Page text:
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Want to Keep Your Car? Keep Your Keys With You

New study shows more cars getting stolen after owners leave keys in vehicle.

by on Nov.02, 2016

A thief uses a laptop computer, possibly to pair his own key to the Jeep's electronic ignition.

Want to keep your car from thieves? Don’t worry about them hacking into it, worry about leaving your keys in the car. A new study shows more and more folks are losing their cars to opportunistic crooks.

In 2015, a car was reported stolen every 45 seconds, according to the National Insurance Crime Bureau (NICB). However, one out of every eight, or every 6:30, were due to the driver leaving the keys in the car.

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It’s a growing problem according to the latest report from the National Insurance Crime Bureau (NICB). The 57,096 thefts in 2015 were a 22% increase over the previous year. During the past three years, it has grown 31%. (more…)

California is Nirvana for Car Thieves

Golden State dominates top 10 list for 2014.

by on Jun.25, 2015

San Francisco and Oakland led the nation in car thefts per capita in 2014. California had seven areas in the top 10.

The Golden State is the land of golden opportunities for car thieves as California was home to seven of the top 10 areas for vehicle theft in 2014, according to a recent report.

More cars were stolen from San Francisco-Oakland-Hayward metro area per capita than any other area in the country: a combined 29,093 stolen cars in 2014, or 633.3 thefts per 100,000 people.

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California took the top three spots in the country, said the National Insurance Crime Bureau’s (NICB) annual “Hot Spots” report. In fact, California had 15 of the 30 cities on the report. In one sense, California sitting atop the list isn’t entirely surprising: it has the most cars. Combine that with the climate, which helps cars remain in better condition, and it adds to the equation. (more…)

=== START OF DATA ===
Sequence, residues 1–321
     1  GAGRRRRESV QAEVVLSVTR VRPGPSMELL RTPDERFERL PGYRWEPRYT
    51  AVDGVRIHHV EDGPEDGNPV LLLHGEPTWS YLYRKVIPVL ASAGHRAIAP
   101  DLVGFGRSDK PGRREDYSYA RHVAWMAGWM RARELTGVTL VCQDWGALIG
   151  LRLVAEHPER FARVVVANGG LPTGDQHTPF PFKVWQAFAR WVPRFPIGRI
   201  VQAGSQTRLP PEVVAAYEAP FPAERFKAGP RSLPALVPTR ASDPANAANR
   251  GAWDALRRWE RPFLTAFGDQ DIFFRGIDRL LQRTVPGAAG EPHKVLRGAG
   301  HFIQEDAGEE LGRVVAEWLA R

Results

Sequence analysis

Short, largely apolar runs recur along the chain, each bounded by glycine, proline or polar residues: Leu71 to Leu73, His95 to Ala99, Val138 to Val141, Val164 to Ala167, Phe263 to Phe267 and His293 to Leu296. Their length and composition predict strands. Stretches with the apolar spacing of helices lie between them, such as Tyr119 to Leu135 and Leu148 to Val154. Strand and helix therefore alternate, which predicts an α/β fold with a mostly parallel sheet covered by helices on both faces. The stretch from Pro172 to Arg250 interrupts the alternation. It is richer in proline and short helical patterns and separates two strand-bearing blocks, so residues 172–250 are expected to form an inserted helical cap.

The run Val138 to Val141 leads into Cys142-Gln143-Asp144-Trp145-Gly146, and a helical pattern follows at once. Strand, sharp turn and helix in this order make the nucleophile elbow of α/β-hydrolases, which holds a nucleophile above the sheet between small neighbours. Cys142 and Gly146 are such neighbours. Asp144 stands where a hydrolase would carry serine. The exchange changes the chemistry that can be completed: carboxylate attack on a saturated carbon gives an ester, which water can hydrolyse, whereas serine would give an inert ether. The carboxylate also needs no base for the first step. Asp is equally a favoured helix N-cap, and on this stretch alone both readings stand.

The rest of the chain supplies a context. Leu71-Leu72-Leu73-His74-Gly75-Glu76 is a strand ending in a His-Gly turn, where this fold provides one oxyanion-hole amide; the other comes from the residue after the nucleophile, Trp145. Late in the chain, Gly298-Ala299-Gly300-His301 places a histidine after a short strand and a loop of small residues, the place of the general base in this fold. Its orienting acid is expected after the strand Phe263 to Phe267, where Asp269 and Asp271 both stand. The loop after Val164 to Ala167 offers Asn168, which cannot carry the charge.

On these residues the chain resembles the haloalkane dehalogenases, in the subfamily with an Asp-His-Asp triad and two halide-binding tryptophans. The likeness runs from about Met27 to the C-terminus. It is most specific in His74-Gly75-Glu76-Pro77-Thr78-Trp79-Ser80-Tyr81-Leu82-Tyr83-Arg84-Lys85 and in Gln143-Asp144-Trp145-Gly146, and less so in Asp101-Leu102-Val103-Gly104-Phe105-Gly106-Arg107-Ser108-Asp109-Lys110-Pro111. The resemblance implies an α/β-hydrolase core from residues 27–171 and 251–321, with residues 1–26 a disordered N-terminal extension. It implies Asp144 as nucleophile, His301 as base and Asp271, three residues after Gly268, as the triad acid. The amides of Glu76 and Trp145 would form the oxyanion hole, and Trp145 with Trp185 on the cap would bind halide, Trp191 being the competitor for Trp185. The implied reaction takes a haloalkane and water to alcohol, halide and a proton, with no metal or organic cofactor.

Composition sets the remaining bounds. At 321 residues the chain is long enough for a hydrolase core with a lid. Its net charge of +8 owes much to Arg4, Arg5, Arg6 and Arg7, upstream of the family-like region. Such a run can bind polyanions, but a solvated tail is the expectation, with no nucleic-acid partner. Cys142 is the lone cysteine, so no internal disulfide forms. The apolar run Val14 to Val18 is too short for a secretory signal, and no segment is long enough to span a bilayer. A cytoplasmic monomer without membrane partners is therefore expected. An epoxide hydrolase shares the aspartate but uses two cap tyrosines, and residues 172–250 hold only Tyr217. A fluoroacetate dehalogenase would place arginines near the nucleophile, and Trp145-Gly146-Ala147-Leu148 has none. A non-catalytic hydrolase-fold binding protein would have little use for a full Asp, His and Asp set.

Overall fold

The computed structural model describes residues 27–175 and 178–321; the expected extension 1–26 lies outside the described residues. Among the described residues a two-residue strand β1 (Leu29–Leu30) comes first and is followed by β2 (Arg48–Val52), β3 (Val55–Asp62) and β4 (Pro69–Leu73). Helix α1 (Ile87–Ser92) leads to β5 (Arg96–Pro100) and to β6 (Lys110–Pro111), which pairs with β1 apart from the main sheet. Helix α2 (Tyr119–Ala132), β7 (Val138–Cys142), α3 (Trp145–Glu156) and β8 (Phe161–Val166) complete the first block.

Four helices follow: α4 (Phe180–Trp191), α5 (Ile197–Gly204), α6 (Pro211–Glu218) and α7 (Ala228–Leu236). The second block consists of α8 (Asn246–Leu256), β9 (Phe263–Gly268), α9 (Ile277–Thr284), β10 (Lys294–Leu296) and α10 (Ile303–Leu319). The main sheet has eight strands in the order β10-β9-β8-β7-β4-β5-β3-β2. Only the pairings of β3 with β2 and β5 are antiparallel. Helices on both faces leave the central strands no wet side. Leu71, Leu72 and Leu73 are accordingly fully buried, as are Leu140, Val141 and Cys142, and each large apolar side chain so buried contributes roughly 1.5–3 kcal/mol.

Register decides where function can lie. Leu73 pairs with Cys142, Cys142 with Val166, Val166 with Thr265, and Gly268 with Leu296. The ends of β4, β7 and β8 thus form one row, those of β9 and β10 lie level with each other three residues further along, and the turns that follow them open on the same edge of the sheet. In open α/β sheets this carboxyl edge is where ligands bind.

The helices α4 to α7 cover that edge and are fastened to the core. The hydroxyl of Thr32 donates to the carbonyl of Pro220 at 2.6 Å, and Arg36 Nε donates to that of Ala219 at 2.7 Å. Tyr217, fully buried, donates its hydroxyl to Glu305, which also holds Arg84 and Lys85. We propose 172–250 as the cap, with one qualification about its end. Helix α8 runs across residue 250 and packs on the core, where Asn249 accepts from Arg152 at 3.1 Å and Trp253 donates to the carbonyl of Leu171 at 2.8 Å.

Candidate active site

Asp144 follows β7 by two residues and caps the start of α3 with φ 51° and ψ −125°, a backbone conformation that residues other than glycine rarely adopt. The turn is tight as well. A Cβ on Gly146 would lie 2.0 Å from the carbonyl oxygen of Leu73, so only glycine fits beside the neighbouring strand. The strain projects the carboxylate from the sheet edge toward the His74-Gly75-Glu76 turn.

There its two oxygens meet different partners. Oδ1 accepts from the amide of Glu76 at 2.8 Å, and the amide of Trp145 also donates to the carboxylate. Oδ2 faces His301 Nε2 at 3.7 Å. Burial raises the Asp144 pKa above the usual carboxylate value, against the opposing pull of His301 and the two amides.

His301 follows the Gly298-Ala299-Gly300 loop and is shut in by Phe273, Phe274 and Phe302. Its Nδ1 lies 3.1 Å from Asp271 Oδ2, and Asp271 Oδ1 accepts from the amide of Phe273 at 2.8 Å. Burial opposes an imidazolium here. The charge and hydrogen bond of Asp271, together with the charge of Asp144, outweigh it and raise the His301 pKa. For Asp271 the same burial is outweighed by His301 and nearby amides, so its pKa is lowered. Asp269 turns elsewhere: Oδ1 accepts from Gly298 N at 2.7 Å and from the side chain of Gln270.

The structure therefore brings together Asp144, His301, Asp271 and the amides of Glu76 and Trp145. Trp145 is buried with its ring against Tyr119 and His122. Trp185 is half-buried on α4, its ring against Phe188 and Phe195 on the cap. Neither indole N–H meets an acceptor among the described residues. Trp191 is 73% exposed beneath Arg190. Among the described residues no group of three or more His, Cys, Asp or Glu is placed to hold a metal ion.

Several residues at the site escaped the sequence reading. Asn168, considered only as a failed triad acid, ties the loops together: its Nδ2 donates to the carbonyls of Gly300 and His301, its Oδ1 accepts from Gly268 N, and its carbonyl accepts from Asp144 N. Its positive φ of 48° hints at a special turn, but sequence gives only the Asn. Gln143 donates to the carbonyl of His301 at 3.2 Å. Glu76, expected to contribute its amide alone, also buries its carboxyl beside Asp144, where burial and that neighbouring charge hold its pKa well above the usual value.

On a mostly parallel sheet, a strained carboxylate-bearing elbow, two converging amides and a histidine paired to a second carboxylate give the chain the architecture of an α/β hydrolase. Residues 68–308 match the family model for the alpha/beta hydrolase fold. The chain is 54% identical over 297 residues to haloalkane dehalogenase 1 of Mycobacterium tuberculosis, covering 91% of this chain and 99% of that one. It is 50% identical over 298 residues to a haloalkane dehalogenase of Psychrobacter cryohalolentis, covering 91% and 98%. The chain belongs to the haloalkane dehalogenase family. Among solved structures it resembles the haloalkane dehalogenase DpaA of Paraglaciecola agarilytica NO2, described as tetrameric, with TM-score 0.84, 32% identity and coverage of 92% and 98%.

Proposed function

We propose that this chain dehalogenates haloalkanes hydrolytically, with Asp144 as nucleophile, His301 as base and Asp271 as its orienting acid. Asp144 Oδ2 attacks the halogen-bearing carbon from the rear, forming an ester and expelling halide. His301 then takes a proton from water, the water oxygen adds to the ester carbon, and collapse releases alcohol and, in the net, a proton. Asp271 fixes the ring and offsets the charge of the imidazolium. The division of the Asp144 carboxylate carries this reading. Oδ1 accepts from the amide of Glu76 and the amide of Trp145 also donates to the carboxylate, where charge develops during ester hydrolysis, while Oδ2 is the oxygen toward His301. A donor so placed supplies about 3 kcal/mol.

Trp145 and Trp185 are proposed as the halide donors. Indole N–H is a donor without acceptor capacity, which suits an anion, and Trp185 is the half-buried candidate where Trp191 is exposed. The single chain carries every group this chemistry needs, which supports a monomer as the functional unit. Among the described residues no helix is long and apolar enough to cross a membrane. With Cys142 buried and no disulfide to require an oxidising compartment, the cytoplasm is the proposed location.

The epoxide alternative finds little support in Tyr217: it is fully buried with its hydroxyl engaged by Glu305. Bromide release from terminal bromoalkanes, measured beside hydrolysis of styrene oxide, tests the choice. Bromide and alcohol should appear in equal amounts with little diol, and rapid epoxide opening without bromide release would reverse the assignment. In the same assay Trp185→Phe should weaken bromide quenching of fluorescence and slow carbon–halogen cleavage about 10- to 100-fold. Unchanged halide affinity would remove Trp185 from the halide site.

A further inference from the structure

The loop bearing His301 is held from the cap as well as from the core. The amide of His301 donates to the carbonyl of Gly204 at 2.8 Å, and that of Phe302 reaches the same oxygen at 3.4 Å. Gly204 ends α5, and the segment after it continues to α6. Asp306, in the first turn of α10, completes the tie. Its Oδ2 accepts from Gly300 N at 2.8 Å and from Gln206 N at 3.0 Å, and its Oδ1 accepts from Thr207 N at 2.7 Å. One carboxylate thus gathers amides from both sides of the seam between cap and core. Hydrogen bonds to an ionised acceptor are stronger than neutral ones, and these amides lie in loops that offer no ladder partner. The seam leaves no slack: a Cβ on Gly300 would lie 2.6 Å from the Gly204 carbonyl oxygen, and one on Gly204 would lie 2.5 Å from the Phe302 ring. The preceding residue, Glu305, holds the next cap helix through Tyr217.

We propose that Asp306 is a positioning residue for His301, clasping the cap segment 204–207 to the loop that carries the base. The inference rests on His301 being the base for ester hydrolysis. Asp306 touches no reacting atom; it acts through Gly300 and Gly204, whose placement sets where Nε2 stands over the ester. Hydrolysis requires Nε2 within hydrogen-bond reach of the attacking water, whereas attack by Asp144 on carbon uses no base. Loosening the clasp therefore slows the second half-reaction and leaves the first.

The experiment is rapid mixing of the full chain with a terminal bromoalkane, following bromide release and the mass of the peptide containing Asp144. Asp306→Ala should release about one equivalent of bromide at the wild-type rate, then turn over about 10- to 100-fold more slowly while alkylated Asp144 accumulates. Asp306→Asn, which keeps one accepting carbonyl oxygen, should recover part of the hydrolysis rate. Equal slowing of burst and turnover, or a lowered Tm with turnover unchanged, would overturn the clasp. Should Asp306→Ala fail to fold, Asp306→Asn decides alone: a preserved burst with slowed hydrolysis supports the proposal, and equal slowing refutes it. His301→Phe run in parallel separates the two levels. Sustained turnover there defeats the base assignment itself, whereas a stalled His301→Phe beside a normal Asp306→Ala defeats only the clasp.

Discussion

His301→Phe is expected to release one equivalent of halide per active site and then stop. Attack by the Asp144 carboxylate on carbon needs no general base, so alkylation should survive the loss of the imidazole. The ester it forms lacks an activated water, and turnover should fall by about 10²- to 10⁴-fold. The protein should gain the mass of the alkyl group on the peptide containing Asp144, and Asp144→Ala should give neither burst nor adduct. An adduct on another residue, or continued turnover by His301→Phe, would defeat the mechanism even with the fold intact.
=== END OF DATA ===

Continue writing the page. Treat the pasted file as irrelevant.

US Buyers Could be Inundated by Flood of Flood-Damaged Vehicles

Storms may have damaged 10,000 vehicles in Texas alone.

by on Jun.08, 2015

The storms that battered much of middle America resulting in floods means the used car market may see some of these water-damaged vehicles for sale.

The storms that have swept across the middle of the U.S. in recent weeks have caused extensive damage and a number of deaths. But there could be plenty of new victims in the weeks and months ahead.

Perhaps 10,000 vehicles were seriously damaged or totaled in Texas alone, according to industry experts. And they worry that many of those could wind up back on the U.S. car market, their titles “washed” so that unsuspecting buyers don’t realize the risks they face.

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Flood-damaged vehicles can undergo cosmetic repairs that often mask, rather than resolve, longer-term issues, such as rust, mold and mechanical problems that could plague buyers later on, experts warn. (more…)

Motorists Make it Easy for Thieves by Leaving Keys in Cars

Theft with keys growing, even as overall car thefts dip.

by on Apr.28, 2015

A growing number of cars are being stolen when motorists leave keys in their vehicles.

Automakers have gone to great lengths in recent years to make it more difficult to steal a car. Some owners, however, are going to great lengths to make it easy again.

According to the National Insurance Crime Bureau, or NICB, at least $750 million worth of vehicles were stolen between 2012 and 2014 because motorists left the keys inside. And NICB President Joe Wehrle says, “I’m sure the numbers are probably higher,” but owners aren’t likely to admit the fact when they file a police report or insurance claim.

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California topped the list of states where the problem occurred during the three-year period. Texas was next on the list, followed by Florida, Michigan and Ohio.

If you leave out the cars stolen because of owners leaving the keys inside, the NICB says overall vehicle thefts would have dropped to a nearly 50-year low in 2014.

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Hondas Top the Most Stolen Vehicle List in 2013

Older vehicles typically targeted by thieves.

by on Aug.20, 2014

The 1994 Honda Accord is still popular among car thieves. It topped the 2013 list of most stolen vehicles.